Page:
TOKYO--Nintendo and Sony are reporting that the DS and PSP are luring a new kind of consumer into the game-playing fold--more women and more gamers over the age of 25, the Asahi Shimbun is reporting.
No-o Kitaeru Otona-no DS Training, a Nintendo DS game created by Tohoku University professor Ryuta Kawashima, has been a hit among older consumers. The game is based on a best-selling book about training the brain to operate at peak performance, and it features drawing exercises, simple calculations and math problems, and literary-based reading exercises.
A Nintendo official claims, "We eliminated a barrier to playing the game." That barrier was making users, who were unaccustomed to using standard controller buttons, write on the DS screen instead.
The game had sold about 205,000 copies through June, and 68 percent of purchasers were over the ages of 25, according to Enterbrain, Inc. and Nintendo.
Women accounted for 42 percent of sales of Nintendogs for the DS, beating the existing percent average of women across all games purchased by women--which currently stands at 23 percent. Reportedly, Nintendogs has sold over 490,000 copies since its release in April.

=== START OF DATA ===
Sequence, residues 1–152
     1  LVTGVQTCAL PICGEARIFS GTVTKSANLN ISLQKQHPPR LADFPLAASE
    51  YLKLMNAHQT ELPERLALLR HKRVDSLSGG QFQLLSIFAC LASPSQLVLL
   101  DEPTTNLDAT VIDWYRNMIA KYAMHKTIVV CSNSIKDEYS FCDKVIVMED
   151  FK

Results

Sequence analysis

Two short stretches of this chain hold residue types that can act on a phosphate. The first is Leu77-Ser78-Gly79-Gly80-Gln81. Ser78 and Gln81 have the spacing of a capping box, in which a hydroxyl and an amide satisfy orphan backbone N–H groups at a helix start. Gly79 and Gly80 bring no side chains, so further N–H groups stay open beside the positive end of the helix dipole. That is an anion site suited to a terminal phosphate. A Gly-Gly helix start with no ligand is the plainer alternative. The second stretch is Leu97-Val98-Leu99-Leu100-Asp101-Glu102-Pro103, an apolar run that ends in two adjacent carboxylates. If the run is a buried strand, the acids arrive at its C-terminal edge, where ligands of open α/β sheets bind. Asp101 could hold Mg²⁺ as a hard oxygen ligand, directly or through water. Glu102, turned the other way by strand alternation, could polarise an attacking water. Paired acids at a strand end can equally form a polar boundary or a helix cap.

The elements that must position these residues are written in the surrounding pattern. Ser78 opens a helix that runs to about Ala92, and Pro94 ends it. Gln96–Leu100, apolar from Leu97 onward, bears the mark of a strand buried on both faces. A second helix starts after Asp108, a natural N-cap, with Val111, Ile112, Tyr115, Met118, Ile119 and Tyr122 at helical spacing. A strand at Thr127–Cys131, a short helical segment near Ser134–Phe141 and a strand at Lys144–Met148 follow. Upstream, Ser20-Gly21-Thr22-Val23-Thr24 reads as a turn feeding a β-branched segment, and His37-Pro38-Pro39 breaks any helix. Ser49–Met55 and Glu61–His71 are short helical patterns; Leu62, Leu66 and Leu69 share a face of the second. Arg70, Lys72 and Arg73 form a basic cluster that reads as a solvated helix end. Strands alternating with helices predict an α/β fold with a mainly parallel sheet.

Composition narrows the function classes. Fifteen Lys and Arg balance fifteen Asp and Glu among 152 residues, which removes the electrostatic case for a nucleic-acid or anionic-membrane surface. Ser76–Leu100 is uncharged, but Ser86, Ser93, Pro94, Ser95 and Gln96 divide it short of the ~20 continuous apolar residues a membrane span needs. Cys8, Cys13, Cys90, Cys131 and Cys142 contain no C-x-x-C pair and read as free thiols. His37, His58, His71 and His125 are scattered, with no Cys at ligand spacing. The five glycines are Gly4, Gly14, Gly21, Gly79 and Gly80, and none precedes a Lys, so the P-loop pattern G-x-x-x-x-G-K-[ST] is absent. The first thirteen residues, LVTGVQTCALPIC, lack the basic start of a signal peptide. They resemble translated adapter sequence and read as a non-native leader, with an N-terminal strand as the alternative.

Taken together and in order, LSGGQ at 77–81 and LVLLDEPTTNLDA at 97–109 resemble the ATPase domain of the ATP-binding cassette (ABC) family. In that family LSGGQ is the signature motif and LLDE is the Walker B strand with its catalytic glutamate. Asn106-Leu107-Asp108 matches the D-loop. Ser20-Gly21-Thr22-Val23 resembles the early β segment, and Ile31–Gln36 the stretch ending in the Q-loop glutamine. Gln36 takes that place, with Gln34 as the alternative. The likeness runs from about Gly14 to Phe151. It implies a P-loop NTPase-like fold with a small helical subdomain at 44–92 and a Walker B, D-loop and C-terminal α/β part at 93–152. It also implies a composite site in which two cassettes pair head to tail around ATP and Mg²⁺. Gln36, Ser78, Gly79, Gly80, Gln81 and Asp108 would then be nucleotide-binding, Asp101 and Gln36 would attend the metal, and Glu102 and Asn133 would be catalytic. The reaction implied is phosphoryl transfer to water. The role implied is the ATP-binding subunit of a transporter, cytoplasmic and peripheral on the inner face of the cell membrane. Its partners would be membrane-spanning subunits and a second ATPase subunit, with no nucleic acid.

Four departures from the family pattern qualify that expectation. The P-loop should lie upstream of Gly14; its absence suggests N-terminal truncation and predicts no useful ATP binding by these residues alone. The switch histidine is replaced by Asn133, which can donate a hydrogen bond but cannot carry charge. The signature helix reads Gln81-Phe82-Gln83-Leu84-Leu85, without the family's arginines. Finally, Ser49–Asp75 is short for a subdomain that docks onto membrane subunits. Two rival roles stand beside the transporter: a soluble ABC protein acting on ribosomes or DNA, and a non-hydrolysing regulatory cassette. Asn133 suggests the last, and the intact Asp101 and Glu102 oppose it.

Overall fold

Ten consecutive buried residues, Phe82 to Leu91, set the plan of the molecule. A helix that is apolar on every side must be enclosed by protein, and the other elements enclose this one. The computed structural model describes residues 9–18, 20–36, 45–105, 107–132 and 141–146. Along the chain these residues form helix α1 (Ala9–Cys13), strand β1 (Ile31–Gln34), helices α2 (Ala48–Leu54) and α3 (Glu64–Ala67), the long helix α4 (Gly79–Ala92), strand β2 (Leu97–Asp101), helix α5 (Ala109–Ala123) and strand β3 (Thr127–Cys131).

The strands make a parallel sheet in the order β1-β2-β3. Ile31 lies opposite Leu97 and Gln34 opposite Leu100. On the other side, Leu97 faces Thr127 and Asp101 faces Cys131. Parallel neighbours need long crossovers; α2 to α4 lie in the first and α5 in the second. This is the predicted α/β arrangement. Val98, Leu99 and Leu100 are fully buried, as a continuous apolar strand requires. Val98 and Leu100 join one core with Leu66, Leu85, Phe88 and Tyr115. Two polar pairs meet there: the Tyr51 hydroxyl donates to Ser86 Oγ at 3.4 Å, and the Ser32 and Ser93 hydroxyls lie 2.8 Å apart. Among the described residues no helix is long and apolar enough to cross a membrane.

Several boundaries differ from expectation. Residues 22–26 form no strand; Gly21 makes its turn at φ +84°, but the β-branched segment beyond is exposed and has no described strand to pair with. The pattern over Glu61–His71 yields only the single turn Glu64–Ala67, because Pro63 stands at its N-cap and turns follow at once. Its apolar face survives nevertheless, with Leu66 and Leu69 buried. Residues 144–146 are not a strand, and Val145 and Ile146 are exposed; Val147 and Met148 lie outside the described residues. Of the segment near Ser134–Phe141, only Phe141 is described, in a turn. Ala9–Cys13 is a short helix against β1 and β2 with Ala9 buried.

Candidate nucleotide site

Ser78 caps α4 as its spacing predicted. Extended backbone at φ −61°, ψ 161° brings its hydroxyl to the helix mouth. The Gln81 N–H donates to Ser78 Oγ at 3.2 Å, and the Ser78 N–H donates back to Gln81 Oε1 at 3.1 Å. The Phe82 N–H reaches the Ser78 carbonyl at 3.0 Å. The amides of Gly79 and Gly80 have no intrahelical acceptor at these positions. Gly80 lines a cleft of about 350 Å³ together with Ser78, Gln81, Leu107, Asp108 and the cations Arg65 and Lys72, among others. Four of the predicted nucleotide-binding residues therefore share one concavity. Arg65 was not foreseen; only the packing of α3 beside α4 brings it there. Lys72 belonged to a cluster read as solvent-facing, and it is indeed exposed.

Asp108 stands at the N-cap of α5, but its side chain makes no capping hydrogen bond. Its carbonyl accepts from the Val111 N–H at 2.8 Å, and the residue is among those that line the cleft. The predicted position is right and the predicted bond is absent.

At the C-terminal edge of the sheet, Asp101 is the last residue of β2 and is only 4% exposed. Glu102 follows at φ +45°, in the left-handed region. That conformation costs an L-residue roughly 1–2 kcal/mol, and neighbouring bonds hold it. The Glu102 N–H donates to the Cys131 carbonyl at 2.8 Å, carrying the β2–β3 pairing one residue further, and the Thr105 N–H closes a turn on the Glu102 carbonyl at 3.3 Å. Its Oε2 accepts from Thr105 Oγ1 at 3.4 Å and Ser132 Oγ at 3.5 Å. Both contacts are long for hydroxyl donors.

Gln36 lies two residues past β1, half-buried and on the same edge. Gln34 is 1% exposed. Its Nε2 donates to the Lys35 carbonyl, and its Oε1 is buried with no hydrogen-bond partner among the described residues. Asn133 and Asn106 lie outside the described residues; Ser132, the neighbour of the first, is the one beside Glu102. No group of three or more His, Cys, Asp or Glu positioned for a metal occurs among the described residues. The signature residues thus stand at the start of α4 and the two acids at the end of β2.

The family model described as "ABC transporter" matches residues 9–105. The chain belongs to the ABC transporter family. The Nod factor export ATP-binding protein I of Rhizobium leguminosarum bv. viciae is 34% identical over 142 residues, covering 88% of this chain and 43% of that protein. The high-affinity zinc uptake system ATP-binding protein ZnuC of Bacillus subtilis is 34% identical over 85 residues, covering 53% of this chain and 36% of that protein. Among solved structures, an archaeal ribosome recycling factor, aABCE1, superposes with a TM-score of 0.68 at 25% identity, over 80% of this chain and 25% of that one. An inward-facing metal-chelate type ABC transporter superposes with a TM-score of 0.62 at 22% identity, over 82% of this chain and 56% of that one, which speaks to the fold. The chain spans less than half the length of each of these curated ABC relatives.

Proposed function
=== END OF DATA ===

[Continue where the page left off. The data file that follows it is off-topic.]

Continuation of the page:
On the PSP front, 360,000 copies of Minna no Golf have been sold for the Sony handheld, making it the best-selling game for that system.
Japanese sales figures show that 2.33 million DS units have been sold, along with a corresponding total of 4.4 million DS games. Almost 1.5 million PSP consoles have been sold, along with a corresponding total of 2.65 million games.
As previously reported, the Japanese hardware market has generated 73 billion yen ($651 million) in revenue over the first half of 2005, a 50 percent increase from the previous year.